Antietam Significance of battle Lincoln went to Antietam for a surprise inspection of the troops and urged McClellan to pursue and “destroy the rebel army if possible”. McClellan did not, despite the fact that he could have put in 62,000 troops (half of whom were completely fresh) compared to 33,000 Confederate troops who were all exhausted and battered. McClellan had missed yet another chance to destroy the Confederates and perhaps end the war. Lincoln fired McClellan and replaced him with General Ambrose Burnside Although the battle was technically a draw, Lincoln formally declared it a Union victory to help gain support when he issued the Emancipation Proclamation which freed the slaves just 5 days after the battle Lincoln was morally opposed to slavery and knew that it would seriously damage the southern economy and help bring the war to an end
Gettysburg Pickett’s Charge
Gettysburg Union (North) Confederacy (South) • General George Meade • 93,000 troops • 23,000 casualties • General Robert E. Lee • 75,00 troops • 28,000 casualties (one third of army)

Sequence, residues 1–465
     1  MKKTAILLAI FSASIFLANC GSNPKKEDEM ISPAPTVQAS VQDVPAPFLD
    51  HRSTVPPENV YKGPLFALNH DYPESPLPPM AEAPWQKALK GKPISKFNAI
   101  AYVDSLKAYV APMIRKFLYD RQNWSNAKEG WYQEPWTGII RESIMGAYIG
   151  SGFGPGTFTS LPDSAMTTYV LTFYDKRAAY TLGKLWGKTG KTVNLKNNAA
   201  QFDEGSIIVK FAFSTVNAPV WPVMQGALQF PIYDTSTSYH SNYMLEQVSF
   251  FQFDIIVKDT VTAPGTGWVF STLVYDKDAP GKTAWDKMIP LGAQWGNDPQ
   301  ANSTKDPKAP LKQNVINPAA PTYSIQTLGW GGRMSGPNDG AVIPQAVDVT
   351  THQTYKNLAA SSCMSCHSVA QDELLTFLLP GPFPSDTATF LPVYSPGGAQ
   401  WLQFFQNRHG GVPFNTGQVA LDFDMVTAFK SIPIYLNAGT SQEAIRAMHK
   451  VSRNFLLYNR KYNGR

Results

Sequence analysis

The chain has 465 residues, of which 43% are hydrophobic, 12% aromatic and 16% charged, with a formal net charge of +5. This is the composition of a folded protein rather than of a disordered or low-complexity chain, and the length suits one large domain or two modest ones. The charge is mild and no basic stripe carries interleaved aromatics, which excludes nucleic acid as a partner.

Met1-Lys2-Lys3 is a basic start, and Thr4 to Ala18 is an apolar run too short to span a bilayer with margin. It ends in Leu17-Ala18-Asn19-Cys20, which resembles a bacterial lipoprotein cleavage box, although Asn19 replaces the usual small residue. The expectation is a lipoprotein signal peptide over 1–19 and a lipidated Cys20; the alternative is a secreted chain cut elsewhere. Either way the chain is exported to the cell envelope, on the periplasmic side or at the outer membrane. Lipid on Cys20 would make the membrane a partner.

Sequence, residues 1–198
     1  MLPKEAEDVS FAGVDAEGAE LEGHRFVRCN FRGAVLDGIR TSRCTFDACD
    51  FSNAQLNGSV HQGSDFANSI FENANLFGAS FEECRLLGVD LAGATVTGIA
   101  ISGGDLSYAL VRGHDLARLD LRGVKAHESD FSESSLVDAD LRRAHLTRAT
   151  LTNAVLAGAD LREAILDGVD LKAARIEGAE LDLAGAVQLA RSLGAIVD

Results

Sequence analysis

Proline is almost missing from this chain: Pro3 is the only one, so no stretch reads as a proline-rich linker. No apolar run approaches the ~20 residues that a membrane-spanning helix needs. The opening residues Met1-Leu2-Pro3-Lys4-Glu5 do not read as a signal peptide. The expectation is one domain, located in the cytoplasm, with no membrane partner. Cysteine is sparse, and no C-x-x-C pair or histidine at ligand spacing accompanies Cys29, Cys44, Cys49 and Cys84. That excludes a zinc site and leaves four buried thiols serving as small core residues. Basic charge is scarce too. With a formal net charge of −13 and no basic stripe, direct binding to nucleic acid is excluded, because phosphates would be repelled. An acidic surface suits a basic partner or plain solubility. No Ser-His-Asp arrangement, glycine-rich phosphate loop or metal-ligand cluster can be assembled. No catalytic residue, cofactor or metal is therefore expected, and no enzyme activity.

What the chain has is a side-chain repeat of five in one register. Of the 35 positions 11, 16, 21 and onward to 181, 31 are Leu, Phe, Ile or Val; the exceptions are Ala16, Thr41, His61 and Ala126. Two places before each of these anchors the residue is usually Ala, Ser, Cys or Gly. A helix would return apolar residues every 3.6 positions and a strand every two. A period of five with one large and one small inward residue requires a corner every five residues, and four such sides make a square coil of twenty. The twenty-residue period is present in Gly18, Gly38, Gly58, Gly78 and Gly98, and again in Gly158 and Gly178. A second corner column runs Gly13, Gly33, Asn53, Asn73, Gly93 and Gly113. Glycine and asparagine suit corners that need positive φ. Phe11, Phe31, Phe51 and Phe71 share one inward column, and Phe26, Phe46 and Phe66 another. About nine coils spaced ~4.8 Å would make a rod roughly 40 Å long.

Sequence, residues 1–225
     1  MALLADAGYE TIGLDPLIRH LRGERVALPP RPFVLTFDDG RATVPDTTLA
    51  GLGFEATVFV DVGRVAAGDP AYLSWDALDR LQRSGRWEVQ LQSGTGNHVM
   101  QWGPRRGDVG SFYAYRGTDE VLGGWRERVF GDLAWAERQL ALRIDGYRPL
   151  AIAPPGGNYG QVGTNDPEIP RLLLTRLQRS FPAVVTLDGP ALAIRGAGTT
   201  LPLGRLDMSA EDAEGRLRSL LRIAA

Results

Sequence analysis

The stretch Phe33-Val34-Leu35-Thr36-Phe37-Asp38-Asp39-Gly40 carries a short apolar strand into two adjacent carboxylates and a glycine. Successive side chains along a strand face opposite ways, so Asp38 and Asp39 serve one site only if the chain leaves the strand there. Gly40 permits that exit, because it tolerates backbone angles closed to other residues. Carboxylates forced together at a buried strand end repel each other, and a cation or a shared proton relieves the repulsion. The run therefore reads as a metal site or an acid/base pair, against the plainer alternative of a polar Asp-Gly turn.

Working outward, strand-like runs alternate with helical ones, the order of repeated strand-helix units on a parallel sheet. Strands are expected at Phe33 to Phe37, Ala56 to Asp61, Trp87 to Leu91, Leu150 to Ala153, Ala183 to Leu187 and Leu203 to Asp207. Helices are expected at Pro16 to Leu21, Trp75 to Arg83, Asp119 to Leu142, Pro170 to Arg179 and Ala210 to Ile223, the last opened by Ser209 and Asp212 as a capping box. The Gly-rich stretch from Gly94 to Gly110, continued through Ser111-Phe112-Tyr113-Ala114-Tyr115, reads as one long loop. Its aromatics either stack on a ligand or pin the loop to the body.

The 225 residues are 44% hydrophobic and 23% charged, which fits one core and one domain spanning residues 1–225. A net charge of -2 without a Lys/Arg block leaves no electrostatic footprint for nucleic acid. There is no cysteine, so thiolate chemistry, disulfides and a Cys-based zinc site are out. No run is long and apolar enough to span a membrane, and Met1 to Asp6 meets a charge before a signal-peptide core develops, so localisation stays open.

Gettysburg July 1-3, 1863 at Gettysburg, Pennsylvania What many believe to be the most decisive encounter between the North and South in the entire war Almost one out of every three soldiers was killed, wounded or missing in action
Gettysburg Day One Union and Confederate goal was to get into good fighting position Jeb Stuart made this difficult for the Confederates. Stuart rode ahead of Lee on the trip North and his job was to scout the Union army to find out their location and numbers. He was unable to get back to Lee, so Lee had no idea where or how big the Union Army was Most men of both armies were still marching towards Gettysburg when the fighting broke out Soldiers fought along Chambersburg Road At the end of the day, Confederate Army controlled Gettysburg and the Union was spread out on Culp’s Hill and Cemetery Hill where Confederate position could easily be seen